Judging the Stimulus

Robert Barro is unimpressed with the fiscal stimulus. He says an extra $600 billion of public spending at the cost of $900 billion in private spending was not a good deal.

The path of incremental government outlays over the five years in billions of dollars is +300, +300, 0, 0, 0, which adds up to +600. The path for GDP is +120, +180, +60, minus 330, minus 330, adding up to minus 300. GDP falls overall because the famous "balanced-budget multiplier"--the response of GDP when government spending and taxes rise together--is negative. This result accords with the familiar pattern whereby countries with larger public sectors tend to grow slower over the long term.

The projected effect on other parts of GDP (consumer expenditure, private investment, net exports) is minus 180, minus 120, +60, minus 330, minus 330, which adds up to minus 900. Thus, viewed over five years, the fiscal stimulus package is a way to get an extra $600 billion of public spending at the cost of $900 billion in private expenditure. This is a bad deal.

See Gary Burtless's response on National Journal's economic experts blog.

I am puzzled by his Wall Street Journal analysis, which seems to treat the stimulus package as though it consists solely of an increase in government spending. In fact, at least 45% of the stimulus in 2009 and 2010 consists of tax reductions rather than spending increases. Moreover, as I have argued elsewhere, the part of the stimulus package that has provided fiscal relief to state governments has resulted in reductions in state taxes below where they would have been without the stimulus Thus, more than half of the stimulus package consists of tax reductions rather than government spending increases. It is very hard for me to believe that these tax reductions have failed to spur an increase in household consumption, contrary to Barro's apparent view that personal consumption has declined as a result of the stimulus.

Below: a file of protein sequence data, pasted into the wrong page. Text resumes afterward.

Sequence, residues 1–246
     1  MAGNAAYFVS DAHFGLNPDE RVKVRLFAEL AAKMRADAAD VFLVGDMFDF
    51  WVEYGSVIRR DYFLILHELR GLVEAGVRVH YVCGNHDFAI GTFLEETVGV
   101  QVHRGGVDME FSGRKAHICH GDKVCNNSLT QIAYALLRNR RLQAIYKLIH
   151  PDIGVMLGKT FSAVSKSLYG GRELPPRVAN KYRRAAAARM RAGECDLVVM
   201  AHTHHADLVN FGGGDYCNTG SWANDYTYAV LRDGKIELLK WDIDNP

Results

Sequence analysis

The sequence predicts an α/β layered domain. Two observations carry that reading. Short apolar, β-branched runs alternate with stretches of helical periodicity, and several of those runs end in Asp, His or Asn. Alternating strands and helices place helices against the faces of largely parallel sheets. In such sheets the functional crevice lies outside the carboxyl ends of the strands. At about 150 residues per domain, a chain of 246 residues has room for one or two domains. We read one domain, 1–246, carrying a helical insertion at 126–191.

Presented by

Never Tell People How Old They Look

Age discrimination affects us all. Who cares about youth? James Hamblin turns to his colleague Jeffrey Goldberg for advice.

Join the Discussion

After you comment, click Post. If you’re not already logged in you will be asked to log in or register.

blog comments powered by Disqus

Video

Never Tell People How Old They Look

Age discrimination affects us all. James Hamblin turns to a colleague for advice.

Video

Would You Live in a Treehouse?

A treehouse can be an ideal office space, vacation rental, and way of reconnecting with your youth.

Video

Pittsburgh: 'Better Than You Thought'

How Steel City became a bikeable, walkable paradise

Video

A Four-Dimensional Tour of Boston

In this groundbreaking video, time moves at multiple speeds within a single frame.

Video

Who Made Pop Music So Repetitive? You Did.

If pop music is too homogenous, that's because listeners want it that way.

More in Business

Just In